Covid-19 subdued the joy for Shri Krishna Janmashtami celebrations
Shri Krishna, one of India's most revered Gods, is the ninth incarnation of Shri Vishnu, the one who protects the Earth. He, who is also hailed as Madhava, Keshava, Madhusudana and several other meaningful names, was born to Devaki on the Ashtami Tithi (eighth day), Krishna Paksha (waning phase of the Moon) in the month of Bhadrapada when Rohini Nakshatra prevailed.
This year, devotees shall observe the 5247th birth anniversary of Lord Krishna.
This year, Krishna Janmashtami will be observed on August 11 and August 12, as per the Smarta and the Vaishnava sampradaya respectively.
Devotees keep a fast on the day of Janmashtami to pay obeisance to their beloved Shri Krishna. They break it only offering their prayers to him at the time designated, i.e. during Nishita Kaal. The ritual of breaking the fast is called Parana. Some devotees break the fast only after Rohini Nakshatra and Ashtami Tithi or one of the two ends.
Several people observe fast as a gesture of devotion while many others indulge in the festivities by organising cultural programmed and puja rituals at home. The celebrations this year have been marred by the coronavirus pandemic and large gatherings, temple visits will have to be avoided.
So far, this year, people across the globe haven't been able to celebrate any festival collectively or in public owing to the coronavirus pandemic. People have restricted themselves to safe confinements of their homes even on festivals to contain the spread of the disease.
This year, The Krishna Janmabhoomi temple, Mathura will remain closed for devotees from August 10 to August 13. The usual rituals will continue to be performed behind closed doors and they will be telecast live.
The festive season in India has begun with several big festivals such as Krishna Janmashtami, Ganesh Chaturthi, Sharadiya Navratri, Diwali and several other significant occasions lined up in the next few months. But people shall not be able to celebrate them collectively in the neighbourhood.
In the last six months, people celebrated major festivals like Ram Navmi, Eid ul-Fitr, Eid al-Adha and other significant occasions at home to contain the spread of COVID-19.
Lord Krishna is revered as the 8th avatar of Lord Vishnu. The festival of Janmashtami is observed according to the Hindi lunisolar calendar. It is said that the day falls as per the Hindu lunisolar calendar, on Ashtami (the 8th day) of the Krishna Paksha in Shravan maas (Shravan/Sawan month) of the lunar Hindu Calendar and Krishna Paksha in Bhadrapad of the lunisolar Hindu Calendar, which overlaps with August and September of the Gregorian calendar.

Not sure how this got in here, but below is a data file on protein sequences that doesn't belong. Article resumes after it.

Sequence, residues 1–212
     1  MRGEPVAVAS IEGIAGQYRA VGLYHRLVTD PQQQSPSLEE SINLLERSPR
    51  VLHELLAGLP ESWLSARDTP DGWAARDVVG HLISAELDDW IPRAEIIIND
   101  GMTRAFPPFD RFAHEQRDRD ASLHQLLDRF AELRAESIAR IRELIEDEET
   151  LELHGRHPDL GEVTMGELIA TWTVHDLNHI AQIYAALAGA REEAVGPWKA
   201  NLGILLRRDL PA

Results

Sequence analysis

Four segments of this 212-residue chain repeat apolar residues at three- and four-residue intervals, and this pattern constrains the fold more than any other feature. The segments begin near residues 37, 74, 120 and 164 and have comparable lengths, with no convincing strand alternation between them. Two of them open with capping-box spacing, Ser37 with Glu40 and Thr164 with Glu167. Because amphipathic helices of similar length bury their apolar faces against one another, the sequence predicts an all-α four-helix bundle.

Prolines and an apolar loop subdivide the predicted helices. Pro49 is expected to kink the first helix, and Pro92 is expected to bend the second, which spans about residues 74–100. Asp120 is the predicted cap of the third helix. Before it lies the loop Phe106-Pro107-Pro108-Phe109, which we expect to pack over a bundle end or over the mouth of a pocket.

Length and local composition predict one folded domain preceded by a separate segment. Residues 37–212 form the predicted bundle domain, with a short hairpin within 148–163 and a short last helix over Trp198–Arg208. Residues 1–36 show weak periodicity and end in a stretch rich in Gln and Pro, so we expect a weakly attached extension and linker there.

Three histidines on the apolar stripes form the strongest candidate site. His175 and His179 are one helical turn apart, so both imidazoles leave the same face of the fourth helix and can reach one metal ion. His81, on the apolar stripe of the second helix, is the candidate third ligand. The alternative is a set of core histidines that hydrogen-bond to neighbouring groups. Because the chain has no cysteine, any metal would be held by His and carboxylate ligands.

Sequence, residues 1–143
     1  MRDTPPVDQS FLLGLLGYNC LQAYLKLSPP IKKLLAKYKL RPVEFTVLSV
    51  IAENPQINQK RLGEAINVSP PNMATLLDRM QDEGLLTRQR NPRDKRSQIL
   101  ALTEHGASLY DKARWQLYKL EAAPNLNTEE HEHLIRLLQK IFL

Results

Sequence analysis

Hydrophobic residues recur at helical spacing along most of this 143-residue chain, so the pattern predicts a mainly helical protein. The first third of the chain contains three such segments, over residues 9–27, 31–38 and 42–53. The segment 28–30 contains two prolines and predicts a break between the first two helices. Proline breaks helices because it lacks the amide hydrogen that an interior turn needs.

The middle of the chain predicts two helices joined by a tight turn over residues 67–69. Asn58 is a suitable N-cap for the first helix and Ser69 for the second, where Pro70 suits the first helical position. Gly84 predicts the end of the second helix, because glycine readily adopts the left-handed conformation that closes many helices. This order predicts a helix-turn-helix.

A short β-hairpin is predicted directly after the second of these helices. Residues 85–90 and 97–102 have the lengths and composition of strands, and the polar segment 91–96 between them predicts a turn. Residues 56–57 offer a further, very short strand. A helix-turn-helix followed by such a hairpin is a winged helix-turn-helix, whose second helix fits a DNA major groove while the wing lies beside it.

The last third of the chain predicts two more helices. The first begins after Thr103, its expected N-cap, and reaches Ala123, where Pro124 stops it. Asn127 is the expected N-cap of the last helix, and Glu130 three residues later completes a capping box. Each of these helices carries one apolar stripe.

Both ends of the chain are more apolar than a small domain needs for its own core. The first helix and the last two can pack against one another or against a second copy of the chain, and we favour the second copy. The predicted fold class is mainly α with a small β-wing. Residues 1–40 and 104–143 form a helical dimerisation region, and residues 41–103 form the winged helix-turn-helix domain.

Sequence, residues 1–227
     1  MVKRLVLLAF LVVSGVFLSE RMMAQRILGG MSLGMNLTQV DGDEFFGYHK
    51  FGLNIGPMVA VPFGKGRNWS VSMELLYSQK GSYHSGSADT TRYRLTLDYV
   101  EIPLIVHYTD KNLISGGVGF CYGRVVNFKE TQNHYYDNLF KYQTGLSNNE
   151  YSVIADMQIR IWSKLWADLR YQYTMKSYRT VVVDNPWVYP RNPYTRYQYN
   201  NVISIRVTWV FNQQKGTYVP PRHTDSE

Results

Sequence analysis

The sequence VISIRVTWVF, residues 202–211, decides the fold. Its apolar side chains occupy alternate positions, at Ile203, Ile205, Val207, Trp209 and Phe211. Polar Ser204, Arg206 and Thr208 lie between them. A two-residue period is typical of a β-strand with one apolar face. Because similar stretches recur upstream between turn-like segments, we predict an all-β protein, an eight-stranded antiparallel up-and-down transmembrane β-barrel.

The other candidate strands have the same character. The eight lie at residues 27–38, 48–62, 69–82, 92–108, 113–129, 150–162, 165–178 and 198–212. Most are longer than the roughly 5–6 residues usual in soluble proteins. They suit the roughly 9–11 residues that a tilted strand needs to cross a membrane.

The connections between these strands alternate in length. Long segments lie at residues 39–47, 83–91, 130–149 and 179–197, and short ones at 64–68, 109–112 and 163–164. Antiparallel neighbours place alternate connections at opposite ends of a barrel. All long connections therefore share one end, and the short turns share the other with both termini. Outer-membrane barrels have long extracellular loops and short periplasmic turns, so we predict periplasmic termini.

Lord Krishna was born to Devaki and Vasudev to kill his cruel uncle Kansa, who puts his sister and brother-in-law in jail and kills their seven children one-by-one fearing death.
However, he too is tricked by the divine intervention when the Lord is born, Vasudeva with the help of cosmic powers takes Krishna away from Mathura by crossing the Yamuna river and leaves him in Gokul with foster parents - Yashoda and Nanda.
Vasudeva carries Krishna in a basket and takes him through the river amid turbulent rains and storm. It is believed that during that time, the king of serpents - Sheshnag emerges from the Yamuna river and acts as a shield to protect Lord Krishna under his five-headed hood.
Once Lord Krishna reaches Gokul, there Yashoda gave birth to a baby girl, who is believed to be a form of Goddess Durga. With the help of divine intervention, Krishna is safely placed in Gokul with new parents and the baby girl is taken to Devaki and Vasudev in Mathura.
Therefore, Lord Krishna was raised by Yashoda and Nanda Baba.
Krishna Janmashtami is followed by Nandotsav which hails the festive occasion of the times when Nanda Baba distributed gifts and sweets in the neighbourhood upon the birth of child Krishna.
Krishna Janmasthami Tithi
The Ashtami Tithi begins at 9:06 AM on August 11 and ends at 11:16 AM on August 12, 2020.
Krishna Janmashtami Nishita Kaal Puja Shubh Muhurat
Since Shri Krishna was born at midnight, the puja is performed during Nishita Kaal. The timings for this year puja is between 12:05 AM to 12.48 AM on August 12 as per the Smarta tradition. And between 12:05 AM to 12.48 AM on August 13.
Janmashtami Parana timings
One can break the fast after 11:16 AM on August 12.
If one cannot wait so long, then they can do the Parana after 5:49 AM, August 12.
And here's another Parana timing for those who may not be able to bear long periods of fasting. They can do the Parana after 12:46 AM on August 12.
Those who follow the Vaishnava Sampradaya can do their Parana after 5:57 AM on August 13.
Janmasthami Rohini Nakshatra Timings
The time when Rohini Nakshatra prevails is also of great significance. This year. It starts at 3:27 AM on August 13 and ends at 5:22 AM on August 14.